15th week of mass demonstrations set for Saturday night

Protest leaders vow intensified civil disobedience if overhaul push restarts

‘Resistance will be stronger’ if government tries sneaking judicial appointments bill through Knesset, organizers vow, warning that attempts to lull opposition to sleep won’t work

Jeremy Sharon is The Times of Israel’s legal affairs and settlements reporter

Tens of thousands of people protest against the government's judicial overhaul legislation during the Passover holiday in Tel Aviv, April 8, 2023. (Gitai Palti)
Tens of thousands of people protest against the government's judicial overhaul legislation during the Passover holiday in Tel Aviv, April 8, 2023. (Gitai Palti)

Leaders of the protest movement against the government’s judicial overhaul have threatened to deploy new forms of civil disobedience if lawmakers move to swiftly advance the legislation, highlighting rampant doubts around talks to reach compromise on the sweeping reforms.

Organizers have continued to express heavy skepticism toward the negotiations between Yesh Atid and National Unity on one side and the ruling coalition on the other, under the auspices of President Isaac Herzog. They allege the talks are a ruse to quell the protest movement and advance the legislation quietly.

While large-scale rallies against the legislation have taken a breather over the Passover holiday, activity is set to ramp up once again now that Passover has ended, protest leaders say, with mass demonstrations around the country scheduled for a 15th successive Saturday night.

Smaller demonstrations at the homes of key politicians from both the coalition and opposition, including National Unity leader Benny Gantz, are being arranged for Friday.

Prime Minister Benjamin Netanyahu agreed in late March to call a timeout on advancing legislation that would give the government almost complete control over almost all judicial appointments to the Supreme Court and other courts, along with other parts of the judicial package. The month-long suspension was announced after weeks of intensifying protests had brought the country practically to a standstill.

Opponents worry that the judicial appointments bill, which had advanced to its last two Knesset votes before the freeze was announced, could go before the Knesset plenum for final approval at a moment’s notice once the Knesset returns from its Passover recess at the end of the month.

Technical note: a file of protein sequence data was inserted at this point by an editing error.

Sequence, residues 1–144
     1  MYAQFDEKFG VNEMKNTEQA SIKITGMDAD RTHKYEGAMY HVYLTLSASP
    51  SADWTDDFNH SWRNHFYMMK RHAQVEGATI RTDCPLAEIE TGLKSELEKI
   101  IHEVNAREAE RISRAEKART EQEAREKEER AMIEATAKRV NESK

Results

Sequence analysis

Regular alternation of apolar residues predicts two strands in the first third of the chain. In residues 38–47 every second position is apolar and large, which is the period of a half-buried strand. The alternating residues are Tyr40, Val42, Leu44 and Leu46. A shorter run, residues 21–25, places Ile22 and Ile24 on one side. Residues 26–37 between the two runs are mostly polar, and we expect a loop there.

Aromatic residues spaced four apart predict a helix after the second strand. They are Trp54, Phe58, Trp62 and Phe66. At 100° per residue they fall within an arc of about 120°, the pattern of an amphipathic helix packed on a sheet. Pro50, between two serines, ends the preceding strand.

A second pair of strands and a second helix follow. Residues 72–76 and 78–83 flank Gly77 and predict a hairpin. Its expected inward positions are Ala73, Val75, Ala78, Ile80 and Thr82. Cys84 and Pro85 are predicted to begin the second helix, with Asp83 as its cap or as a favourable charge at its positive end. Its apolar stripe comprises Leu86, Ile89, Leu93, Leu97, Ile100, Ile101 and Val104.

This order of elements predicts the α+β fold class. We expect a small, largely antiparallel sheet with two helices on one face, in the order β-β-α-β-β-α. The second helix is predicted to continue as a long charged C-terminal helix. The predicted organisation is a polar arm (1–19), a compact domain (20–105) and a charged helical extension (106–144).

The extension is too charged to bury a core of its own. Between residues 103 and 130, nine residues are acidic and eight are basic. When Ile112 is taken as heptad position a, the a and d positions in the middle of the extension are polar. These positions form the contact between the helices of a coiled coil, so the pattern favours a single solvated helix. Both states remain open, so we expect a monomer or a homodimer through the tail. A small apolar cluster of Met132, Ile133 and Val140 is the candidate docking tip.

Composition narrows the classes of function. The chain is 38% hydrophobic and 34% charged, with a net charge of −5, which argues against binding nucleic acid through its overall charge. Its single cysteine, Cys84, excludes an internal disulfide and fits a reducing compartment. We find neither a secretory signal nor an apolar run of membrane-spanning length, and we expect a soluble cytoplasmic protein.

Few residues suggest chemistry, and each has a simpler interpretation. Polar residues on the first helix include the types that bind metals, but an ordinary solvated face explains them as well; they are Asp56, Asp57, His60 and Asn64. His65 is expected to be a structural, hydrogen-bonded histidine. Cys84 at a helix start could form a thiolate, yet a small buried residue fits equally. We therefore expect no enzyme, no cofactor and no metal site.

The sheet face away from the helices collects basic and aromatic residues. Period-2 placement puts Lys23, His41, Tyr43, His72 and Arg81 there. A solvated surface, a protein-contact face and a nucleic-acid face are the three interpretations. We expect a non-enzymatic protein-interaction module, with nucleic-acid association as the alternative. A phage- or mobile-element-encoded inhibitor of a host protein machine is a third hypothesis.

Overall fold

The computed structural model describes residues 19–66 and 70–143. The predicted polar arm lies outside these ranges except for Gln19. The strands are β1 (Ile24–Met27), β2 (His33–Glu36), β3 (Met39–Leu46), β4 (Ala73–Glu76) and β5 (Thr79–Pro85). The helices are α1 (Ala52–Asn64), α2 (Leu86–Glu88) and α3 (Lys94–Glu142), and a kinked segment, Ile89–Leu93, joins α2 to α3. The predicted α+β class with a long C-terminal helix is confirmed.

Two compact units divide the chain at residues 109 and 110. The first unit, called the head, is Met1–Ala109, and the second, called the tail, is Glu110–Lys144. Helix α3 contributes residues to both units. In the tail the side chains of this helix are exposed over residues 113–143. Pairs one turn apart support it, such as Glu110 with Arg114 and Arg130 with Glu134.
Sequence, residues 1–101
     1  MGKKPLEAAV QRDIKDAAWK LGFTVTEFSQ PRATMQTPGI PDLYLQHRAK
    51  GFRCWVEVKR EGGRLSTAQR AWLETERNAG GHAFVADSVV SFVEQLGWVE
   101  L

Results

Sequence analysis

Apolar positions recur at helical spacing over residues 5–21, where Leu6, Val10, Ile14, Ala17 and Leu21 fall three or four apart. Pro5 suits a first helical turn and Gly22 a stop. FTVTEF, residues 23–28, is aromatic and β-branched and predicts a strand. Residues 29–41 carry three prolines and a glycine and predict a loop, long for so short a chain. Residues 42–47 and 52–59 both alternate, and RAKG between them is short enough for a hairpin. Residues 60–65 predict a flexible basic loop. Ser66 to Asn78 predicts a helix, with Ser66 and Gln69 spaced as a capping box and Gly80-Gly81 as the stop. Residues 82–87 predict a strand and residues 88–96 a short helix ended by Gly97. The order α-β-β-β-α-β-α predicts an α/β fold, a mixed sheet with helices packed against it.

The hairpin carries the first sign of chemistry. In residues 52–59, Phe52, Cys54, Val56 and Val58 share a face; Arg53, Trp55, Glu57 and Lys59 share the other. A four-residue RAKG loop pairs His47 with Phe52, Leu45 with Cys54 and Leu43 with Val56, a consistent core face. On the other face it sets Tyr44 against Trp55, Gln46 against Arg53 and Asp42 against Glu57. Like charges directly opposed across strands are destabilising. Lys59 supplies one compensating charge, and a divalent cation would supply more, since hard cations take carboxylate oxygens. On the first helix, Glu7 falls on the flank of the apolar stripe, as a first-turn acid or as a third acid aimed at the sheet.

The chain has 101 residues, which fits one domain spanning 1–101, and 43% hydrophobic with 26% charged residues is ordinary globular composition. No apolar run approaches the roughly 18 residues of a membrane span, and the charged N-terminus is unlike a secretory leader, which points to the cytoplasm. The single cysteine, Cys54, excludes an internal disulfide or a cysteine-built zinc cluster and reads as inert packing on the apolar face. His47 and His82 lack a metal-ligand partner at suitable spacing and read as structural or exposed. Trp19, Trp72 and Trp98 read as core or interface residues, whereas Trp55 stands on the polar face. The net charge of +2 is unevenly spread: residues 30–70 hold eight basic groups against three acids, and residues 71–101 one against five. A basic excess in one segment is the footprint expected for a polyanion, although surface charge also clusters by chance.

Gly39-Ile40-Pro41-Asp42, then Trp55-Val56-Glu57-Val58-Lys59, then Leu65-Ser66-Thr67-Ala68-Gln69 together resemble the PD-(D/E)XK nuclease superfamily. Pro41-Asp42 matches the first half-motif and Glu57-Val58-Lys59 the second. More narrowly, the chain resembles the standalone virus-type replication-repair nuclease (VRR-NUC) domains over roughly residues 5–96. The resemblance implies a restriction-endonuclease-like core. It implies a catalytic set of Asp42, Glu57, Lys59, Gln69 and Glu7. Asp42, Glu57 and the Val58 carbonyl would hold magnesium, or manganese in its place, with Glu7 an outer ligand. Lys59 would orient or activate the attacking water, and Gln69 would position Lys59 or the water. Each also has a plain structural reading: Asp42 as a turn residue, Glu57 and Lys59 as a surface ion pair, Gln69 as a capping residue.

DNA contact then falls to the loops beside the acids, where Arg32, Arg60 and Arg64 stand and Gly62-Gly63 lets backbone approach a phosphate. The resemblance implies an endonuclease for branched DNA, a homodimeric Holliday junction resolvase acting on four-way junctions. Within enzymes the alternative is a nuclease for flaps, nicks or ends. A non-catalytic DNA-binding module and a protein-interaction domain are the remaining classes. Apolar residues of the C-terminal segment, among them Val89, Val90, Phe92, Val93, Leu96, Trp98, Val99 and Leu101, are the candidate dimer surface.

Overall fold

Proponents of the government’s overhaul plans say reforms are needed to rein in politically motivated judicial activism.

Prime Minister Benjamin Netanyahu speaks to the nation, March 27, 2023. (GPO Screenshot)

Ziv Keinan, one of the founding members of the Kumi Israel (Arise Israel) organization, claimed Thursday that lawmakers had used the freeze to plot how to advance the legislation rather than negotiate it being watered down, meaning protesters would be needed “on the ground” to “deliver the message that we won’t allow our democracy to be turned into a dictatorship.”

“People will fight in the streets for democracy at any price,” said Keinan, whose group has been a key organizer in the anti-government demonstrations.  “We have a massive arsenal of tools [for civil disobedience] with which we intend to intensify the protest if necessary.”

Keinan would not detail the new types of civil disobedience, but said that “What has been seen until now is the tip of the iceberg.”

One of the major forms of non-violent civil disobedience used so far has been to block major highways and junctions around the country, causing severe traffic jams and leading to confrontations with the police who have used water cannons and stun grenades to disperse protestors.

Police use a water cannon to disperse demonstrators blocking a highway during a protest against plans by Prime Minister Benjamin Netanyahu’s government to overhaul the judicial system in Tel Aviv, Israel, March 27, 2023. (AP Photo/Oren Ziv)

Josh Drill, the international spokesperson for what is called the Umbrella Movement of National Protests against Dictatorship in Israel, said similarly that the protests and “resistance” will intensify if the coalition tries to carry out a legislative end-run for its judicial overhaul program.